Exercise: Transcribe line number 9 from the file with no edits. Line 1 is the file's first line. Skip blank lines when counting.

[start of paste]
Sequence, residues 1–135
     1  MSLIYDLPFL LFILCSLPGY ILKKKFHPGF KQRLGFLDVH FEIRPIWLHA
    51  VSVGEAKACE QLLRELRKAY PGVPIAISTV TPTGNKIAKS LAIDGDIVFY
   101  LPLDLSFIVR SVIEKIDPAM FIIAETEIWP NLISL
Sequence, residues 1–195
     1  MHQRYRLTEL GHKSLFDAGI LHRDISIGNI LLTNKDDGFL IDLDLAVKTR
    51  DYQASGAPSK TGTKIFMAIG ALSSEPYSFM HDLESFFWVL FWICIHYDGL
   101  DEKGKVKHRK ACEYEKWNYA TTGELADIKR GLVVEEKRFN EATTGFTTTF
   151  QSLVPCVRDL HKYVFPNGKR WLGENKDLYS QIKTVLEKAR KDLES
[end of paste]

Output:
   151  QSLVPCVRDL HKYVFPNGKR WLGENKDLYS QIKTVLEKAR KDLES